Porsche to Strangers: Borrow Our Cars
Having already introduced a subscription service for its vehicles, Porsche decided to continue experimenting with alternatives to traditional car ownership. The luxury brand plans to launch two pilot programs on both U.S. coasts (condolences to America’s Heartland) aimed at encouraging drivers to get behind the wheel of a Porsche for brief periods of time.
The first, overseen by Porsche Cars North America, will test exclusively within the Atlanta area, near Porsche’s North American headquarters. Called Porsche Drive, the pilot program launched a few days ago and offers hourly to weekly rentals of new Porsche cars and SUVs. Meanwhile, a second joint venture with peer-to-peer car rental company Turo will service San Francisco and Los Angeles starting next month. That endeavor focuses on the sharing of already purchased (new and vintage) Porsche vehicles by owners inclined to share them.
Turo has roughly 300,000 car listings on its site and operates in almost 60 countries. It seems the company’s broad reach intrigued the German brand, which is a popular rental option on the company’s website.
“The collaboration with Porsche is a fantastic opportunity to reach a large number of enthusiasts via our marketplace,” said Andre Haddad, CEO of Turo. “I have always been a Porsche fan myself, and I enjoy the feeling of handing over the keys to my own 911 to another Porsche connoisseur for a short time.”
Haddad lists his car for $200 a day, making him eligible for a program that selects enthusiastic Porsche owners for special training at Porsche’s Experience Center in Los Angeles. On October 8th, Turo will create a page on its website listing all the specially selected “Porsche Hosts” in one place.
The Atlanta deal is a little different. Porsche Drive, which started in Europe, allows Atlanta-area customers to take out a new model for a few hours or a full week. Pricing is dependent on the vehicle’s value and time. For example, a four-hour rental of a 718 will set you back $269. But you can snag a 911 at just under $3,000 for a full week.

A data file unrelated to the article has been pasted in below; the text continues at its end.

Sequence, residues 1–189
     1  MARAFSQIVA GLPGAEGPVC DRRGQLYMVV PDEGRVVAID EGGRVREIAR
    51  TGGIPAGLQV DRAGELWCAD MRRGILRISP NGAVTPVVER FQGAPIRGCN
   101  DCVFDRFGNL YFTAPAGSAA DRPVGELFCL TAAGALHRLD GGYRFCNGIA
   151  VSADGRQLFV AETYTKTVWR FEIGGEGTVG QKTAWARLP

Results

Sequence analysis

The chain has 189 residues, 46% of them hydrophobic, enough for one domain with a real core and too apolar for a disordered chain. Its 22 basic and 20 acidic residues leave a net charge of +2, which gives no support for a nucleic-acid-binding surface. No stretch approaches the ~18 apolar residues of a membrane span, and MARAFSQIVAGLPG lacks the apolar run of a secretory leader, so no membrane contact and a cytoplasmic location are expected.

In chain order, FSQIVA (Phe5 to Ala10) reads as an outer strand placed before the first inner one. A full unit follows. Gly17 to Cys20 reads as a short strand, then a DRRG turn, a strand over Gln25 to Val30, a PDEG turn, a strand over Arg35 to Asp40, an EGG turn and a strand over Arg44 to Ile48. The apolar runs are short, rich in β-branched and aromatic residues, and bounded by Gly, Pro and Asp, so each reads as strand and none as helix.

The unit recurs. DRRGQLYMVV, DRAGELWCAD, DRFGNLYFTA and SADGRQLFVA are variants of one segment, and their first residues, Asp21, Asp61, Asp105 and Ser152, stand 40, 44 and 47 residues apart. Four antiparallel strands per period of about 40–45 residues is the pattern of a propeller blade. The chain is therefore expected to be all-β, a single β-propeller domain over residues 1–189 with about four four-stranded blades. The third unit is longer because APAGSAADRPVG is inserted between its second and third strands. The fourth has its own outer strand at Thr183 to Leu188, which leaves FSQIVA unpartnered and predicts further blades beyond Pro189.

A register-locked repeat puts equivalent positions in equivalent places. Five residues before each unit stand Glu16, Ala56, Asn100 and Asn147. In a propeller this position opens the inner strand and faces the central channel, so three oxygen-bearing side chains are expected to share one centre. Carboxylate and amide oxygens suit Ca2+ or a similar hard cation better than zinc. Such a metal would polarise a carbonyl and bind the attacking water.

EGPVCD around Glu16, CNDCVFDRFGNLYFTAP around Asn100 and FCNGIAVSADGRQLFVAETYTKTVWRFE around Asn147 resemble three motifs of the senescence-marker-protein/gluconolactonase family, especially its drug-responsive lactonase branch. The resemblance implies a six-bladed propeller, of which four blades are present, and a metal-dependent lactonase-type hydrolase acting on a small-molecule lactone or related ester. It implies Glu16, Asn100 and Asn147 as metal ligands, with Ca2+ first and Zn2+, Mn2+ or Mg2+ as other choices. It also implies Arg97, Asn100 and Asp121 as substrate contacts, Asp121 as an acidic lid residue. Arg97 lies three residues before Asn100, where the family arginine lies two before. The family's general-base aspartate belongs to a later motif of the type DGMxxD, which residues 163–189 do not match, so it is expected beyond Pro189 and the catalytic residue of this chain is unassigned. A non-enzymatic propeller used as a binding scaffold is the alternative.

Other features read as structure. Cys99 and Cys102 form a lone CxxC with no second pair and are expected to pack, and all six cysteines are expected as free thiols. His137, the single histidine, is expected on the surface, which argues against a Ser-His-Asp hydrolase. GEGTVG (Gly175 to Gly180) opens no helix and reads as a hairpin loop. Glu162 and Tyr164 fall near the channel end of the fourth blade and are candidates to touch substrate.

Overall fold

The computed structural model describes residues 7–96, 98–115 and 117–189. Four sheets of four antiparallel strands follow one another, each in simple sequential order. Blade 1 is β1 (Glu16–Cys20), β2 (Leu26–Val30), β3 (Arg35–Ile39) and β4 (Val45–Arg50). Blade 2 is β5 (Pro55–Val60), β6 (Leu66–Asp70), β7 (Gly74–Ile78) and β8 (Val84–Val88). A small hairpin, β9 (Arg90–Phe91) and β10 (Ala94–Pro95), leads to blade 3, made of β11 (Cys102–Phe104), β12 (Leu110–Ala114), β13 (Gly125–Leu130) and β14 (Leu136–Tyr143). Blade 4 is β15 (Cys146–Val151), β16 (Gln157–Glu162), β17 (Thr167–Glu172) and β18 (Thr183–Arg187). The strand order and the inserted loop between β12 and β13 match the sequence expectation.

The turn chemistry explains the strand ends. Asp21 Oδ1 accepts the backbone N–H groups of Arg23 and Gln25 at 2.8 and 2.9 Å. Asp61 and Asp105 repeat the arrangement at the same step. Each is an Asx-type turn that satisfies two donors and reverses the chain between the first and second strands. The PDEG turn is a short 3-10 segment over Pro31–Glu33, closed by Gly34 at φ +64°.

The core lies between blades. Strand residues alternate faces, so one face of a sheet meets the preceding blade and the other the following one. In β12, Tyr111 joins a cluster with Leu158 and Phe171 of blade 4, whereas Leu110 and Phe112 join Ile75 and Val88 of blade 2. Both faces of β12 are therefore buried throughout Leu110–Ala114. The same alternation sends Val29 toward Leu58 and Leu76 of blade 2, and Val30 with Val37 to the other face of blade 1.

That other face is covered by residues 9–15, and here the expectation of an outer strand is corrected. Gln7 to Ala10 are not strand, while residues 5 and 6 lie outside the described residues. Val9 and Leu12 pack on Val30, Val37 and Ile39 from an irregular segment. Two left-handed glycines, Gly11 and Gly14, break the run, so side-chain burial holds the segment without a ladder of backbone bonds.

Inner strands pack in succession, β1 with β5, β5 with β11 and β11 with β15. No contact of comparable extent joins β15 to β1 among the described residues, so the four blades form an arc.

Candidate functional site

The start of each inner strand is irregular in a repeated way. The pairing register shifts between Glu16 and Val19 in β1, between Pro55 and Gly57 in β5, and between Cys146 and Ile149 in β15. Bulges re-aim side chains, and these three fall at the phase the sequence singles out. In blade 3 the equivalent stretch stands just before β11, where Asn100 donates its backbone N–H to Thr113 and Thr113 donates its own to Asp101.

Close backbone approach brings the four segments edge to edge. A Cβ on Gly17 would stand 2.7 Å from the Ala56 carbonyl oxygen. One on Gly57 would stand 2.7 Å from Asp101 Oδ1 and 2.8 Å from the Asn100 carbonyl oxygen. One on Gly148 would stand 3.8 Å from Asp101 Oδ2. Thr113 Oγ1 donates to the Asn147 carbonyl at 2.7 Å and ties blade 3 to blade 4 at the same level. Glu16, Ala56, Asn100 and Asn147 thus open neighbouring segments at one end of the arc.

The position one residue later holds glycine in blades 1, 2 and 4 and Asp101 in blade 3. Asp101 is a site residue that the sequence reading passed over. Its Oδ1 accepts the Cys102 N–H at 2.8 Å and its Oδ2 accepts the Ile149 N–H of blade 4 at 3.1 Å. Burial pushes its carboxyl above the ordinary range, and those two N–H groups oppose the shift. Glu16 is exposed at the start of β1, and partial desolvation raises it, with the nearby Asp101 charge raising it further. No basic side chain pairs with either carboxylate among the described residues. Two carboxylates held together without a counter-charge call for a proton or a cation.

Drive’s European pricing, which should be indicative of the American pilot program, bundles the 718 and Macan together. The Cayenne is slightly more expensive with the Panamera another tier higher. The 911 will be the most expensive model available, at roughly $100 more than the cheapest options over a four-hour stretch — which is the minimum timeframe Porsche allows in the United States.
It’s a pretty crummy contract if you’re looking to own a Porsche, though it’s not a bad deal if you just want to enhance your social media presence with a fancy car you can’t actually afford. Four hours is more than enough time to take some photos of yourself with the car and record videos of yourself overtaking on the highway. It’s sure to make your friends jealous, at least until they figure out what happened. But it also might be a good way to make some pocket change while introducing new customers to what is has to offer. Two days with a Porsche 911 or 718 Boxster is more than enough time to become enamored with it.
A staunch consumer advocate tracking industry trends and regulation. Before joining TTAC, Matt spent a decade working for marketing and research firms based in NYC. Clients included several of the world’s largest automakers, global tire brands, and aftermarket part suppliers. Dissatisfied with the corporate world and resentful of having to wear suits everyday, he pivoted to writing about cars. Since then, that man has become an ardent supporter of the right-to-repair movement, been interviewed on the auto industry by national radio broadcasts, driven more rental cars than anyone ever should, participated in amateur rallying events, and received the requisite minimum training as sanctioned by the SCCA. Handy with a wrench, Matt grew up surrounded by Detroit auto workers and managed to get a pizza delivery job before he was legally eligible. He later found himself driving box trucks through Manhattan, guaranteeing future sympathy for actual truckers. He continues to conduct research pertaining to the automotive sector as an independent contractor and has since moved back to his native Michigan, closer to where the cars are born. A contrarian, Matt claims to prefer understeer — stating that front and all-wheel drive vehicles cater best to his driving style.
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